There’s something beautiful about this style of prayer and devotion. It’s in the supplicant faces; the synergy of words and movement; the quiet unity.

Frequently, stories about terrorism are inter-cut with, or accompanied by, images of prostrate men engaged in Muslim prayer. And this constant association of religious practise and violence has undermined the peaceful nature of this basic devotional activity – the hallmark of daily lived religion for millions of Muslims around the world. I was glad to experience the sense of peaceful spirituality which accompanied these women as they prayed.

They met one more time for prayer before the social gathering in the main hall was replaced by a shopping bonanza, as market stalls were set up in the courtyard outside. There were brightly coloured and beaded kaftans and Salwar Kameez from Bangladesh, Pakistan and the Middle East; beautiful, soft pashminas; handmade leather shoes colourfully decorated with pom poms and embroidery.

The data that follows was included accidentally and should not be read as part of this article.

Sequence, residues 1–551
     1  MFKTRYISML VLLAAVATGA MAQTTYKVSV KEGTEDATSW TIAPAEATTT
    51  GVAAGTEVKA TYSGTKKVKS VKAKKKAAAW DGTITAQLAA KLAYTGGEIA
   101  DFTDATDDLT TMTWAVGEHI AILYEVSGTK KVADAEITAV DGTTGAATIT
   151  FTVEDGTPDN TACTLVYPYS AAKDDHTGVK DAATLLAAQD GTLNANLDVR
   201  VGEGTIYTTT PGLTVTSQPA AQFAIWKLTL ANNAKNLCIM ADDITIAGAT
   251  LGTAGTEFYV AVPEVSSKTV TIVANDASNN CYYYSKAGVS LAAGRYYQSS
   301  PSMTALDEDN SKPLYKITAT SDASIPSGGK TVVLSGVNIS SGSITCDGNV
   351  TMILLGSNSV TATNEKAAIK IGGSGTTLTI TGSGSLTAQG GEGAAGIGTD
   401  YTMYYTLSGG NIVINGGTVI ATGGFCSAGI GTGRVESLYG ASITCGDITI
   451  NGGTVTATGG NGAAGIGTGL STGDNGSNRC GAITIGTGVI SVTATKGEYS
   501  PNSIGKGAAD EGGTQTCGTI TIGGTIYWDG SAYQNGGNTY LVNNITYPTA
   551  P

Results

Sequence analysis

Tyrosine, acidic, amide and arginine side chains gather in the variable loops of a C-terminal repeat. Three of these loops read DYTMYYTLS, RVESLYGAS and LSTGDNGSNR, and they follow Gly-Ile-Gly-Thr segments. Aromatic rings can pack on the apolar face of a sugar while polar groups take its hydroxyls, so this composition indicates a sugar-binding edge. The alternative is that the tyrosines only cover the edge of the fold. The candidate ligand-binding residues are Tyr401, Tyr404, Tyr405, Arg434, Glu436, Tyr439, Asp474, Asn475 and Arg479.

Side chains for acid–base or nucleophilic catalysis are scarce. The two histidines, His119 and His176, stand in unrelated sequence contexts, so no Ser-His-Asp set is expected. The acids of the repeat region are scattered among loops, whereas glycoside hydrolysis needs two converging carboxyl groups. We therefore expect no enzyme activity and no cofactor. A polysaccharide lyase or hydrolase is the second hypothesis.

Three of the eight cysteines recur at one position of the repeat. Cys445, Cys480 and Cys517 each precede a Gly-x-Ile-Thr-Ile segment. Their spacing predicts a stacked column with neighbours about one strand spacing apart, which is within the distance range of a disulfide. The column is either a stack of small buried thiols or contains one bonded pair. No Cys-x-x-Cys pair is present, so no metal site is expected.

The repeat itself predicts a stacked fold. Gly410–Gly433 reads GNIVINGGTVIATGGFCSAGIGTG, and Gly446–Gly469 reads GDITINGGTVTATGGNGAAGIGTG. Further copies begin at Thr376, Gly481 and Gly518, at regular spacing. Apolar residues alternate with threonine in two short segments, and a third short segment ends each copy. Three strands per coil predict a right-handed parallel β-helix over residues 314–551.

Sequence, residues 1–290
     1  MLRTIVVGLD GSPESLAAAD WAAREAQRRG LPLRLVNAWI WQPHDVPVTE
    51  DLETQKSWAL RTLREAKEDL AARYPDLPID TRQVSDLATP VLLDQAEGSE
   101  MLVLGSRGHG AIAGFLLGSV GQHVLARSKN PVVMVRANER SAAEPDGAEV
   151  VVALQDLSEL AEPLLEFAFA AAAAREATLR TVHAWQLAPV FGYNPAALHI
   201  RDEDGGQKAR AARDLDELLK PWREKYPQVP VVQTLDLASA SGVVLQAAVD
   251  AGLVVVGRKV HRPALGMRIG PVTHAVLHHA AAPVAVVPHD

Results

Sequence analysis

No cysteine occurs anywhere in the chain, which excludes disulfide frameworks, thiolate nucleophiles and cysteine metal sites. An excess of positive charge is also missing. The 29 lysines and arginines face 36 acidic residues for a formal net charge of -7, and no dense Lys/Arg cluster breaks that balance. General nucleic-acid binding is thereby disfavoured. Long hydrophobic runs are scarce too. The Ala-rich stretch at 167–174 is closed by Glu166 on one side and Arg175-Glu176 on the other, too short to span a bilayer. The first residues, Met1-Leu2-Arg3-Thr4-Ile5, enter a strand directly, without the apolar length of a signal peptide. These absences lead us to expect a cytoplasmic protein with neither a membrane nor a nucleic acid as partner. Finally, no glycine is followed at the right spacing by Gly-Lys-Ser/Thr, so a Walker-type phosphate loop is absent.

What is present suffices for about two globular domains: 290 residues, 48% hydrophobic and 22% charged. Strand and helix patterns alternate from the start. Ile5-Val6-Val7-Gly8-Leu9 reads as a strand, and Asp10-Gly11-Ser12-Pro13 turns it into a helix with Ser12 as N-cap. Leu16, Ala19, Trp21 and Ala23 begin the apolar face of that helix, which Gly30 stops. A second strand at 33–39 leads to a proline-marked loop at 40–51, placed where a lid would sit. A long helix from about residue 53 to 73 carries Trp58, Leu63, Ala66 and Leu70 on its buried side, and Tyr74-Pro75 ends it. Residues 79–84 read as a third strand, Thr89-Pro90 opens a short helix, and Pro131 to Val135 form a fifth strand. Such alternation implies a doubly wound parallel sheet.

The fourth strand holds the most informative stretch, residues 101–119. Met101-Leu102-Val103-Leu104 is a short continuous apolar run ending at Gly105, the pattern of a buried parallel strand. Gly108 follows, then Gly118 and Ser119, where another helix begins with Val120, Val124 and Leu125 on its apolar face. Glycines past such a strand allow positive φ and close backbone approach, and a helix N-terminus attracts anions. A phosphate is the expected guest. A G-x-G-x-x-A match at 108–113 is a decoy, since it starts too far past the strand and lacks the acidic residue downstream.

And, in one corner were women queued for henna tattoos to be painted on their arms and hands. I’ve always admired the henna coloured swirls on other women's bodies, and I’d never be brave enough to get one done in permanent ink, so I joined the line and chatted with other women as I had my arm laced with paint. The tattoo I chose begins with a dove on my left forearm and heads down to the middle knuckle, flourishing with floral emblems, feathers and curls.
On my ultra-white skin, the orange ink is stark and beautiful in the light of day. I could get addicted to this beauty regime!